(For a refresher on the controversy, check out The Washington Post’s story from Monday).
Ethics board consulted after the fact
As reported by The Post and other news outlets, Princeton University psychology professor Susan Fiske told the Atlantic that an independent ethics committee, Cornell University’s Institutional Review Board (IRB), had approved use of Facebook’s “pre-existing data set” in the experiment. Fiske edited the study, which was published in the June 17 issue of Proceedings of the National Academy of Sciences.
A statement issued Monday by Cornell University clarified the experiment was conducted before the IRB was consulted. A Cornell professor, Jeffrey Hancock, and doctoral student Jamie Guillory worked with Facebook on the study, but the university made a point of distancing itself from the research. Its statement said:
Professor Hancock and Dr. Guillory did not participate in data collection and did not have access to user data. Their work was limited to initial discussions, analyzing the research results and working with colleagues from Facebook to prepare the peer-reviewed paper “Experimental Evidence of Massive-Scale Emotional Contagion through Social Networks,” published online June 2 in Proceedings of the National Academy of Science-Social Science.Because the research was conducted independently by Facebook and Professor Hancock had access only to results – and not to any data at any time – Cornell University’s Institutional Review Board concluded that he was not directly engaged in human research and that no review by the Cornell Human Research Protection Program was required.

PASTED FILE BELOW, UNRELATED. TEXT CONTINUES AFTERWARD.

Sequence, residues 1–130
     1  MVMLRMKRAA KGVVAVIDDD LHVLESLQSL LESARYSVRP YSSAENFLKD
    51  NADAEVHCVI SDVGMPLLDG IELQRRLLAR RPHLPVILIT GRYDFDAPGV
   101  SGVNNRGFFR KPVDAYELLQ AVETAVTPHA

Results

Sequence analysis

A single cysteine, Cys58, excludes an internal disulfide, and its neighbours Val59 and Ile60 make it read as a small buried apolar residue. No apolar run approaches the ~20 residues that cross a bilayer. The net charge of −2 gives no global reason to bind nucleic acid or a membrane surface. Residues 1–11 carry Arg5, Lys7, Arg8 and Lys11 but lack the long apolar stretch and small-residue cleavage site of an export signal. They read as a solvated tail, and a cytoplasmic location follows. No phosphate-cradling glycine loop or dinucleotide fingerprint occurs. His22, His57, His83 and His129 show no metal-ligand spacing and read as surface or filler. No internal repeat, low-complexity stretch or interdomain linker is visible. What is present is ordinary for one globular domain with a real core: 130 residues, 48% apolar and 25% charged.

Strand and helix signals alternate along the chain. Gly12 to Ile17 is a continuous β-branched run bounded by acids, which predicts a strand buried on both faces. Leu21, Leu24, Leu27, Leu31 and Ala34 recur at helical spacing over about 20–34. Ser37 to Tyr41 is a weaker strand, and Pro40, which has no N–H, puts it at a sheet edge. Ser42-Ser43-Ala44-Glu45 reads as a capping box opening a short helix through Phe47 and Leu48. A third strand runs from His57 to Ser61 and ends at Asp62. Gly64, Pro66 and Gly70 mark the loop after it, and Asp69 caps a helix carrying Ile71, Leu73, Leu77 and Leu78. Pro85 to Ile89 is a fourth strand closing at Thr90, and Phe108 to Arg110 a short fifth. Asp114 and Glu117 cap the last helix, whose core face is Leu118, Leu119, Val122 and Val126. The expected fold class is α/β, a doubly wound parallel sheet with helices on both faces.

User consent called into question
Facebook researchers claimed the fine print users agreed to when they signed up was tantamount to “informed consent” to participate in the study. Facebook’s current data use policy says user information can be used for “internal operations” including “research.” However, that’s not what it said in 2012 when the study was conducted. According to Forbes:
In January 2012, the policy did not say anything about users potentially being guinea pigs made to have a crappy day for science, nor that ‘research’ is something that might happen on the platform.Four months after the study, in May 2012, Facebook made changes to its data use policy, and that’s when it introduced this line about how it might use your information: ‘For internal operations, including troubleshooting, data analysis, testing, research and service improvement.’ Facebook helpfully posted a ‘red-line’ version of the new policy, contrasting it with the prior version from September 2011 — which did not mention anything about user information being used in ‘research.’
This revelation will likely further rile critics already angered that Facebook fell short of the standards imposed by the government and professional associations for informed consent in studies conducted on humans. Informed consent involves disclosing information about the study before it takes place and giving subjects a chance to opt out – and Facebook did neither. Since Facebook is a private company, it isn’t held to those standards, according to legal experts interviewed by the International Business Times, but that hasn’t stopped some from feeling violated and angry.
If international headlines are an accurate gauge of public opinion, people worldwide are angry at Facebook. Here’s a sampling, translated badly by Google Translate:
Manipulated Newsfeeds: Facebook, the permanent Psycho-Experiment
Facebook has for us lab rats? Experiment provoked strong reactions
Opinion: The big problem of Facebook? ethical blindness
Facebook responds to massive criticism
Facebook has made trial users’ emotions, and now they’re angry
Experimental patkányokként manages the Facebook users? Indignation of the people
Facebook “admits” to manipulate the mood of the users
Facebook was playing with your emotions, feed tampered with!
Your emotions are controlled face book yet?
Facebook users “manipulated” for a psychological experiment